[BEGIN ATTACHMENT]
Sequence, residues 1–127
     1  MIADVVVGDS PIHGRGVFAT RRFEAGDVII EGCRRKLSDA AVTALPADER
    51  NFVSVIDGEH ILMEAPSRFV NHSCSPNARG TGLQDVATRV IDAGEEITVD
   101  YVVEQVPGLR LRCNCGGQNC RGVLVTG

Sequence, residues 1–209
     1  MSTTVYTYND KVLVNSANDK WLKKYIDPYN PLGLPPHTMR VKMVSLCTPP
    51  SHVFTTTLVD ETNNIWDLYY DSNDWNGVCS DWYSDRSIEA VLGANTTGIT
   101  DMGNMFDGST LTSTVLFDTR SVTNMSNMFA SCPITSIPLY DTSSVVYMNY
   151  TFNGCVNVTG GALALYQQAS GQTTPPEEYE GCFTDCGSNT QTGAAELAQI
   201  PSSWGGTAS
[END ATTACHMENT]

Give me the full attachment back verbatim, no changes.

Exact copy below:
Sequence, residues 1–127
     1  MIADVVVGDS PIHGRGVFAT RRFEAGDVII EGCRRKLSDA AVTALPADER
    51  NFVSVIDGEH ILMEAPSRFV NHSCSPNARG TGLQDVATRV IDAGEEITVD
   101  YVVEQVPGLR LRCNCGGQNC RGVLVTG

Sequence, residues 1–209
     1  MSTTVYTYND KVLVNSANDK WLKKYIDPYN PLGLPPHTMR VKMVSLCTPP
    51  SHVFTTTLVD ETNNIWDLYY DSNDWNGVCS DWYSDRSIEA VLGANTTGIT
   101  DMGNMFDGST LTSTVLFDTR SVTNMSNMFA SCPITSIPLY DTSSVVYMNY
   151  TFNGCVNVTG GALALYQQAS GQTTPPEEYE GCFTDCGSNT QTGAAELAQI
   201  PSSWGGTAS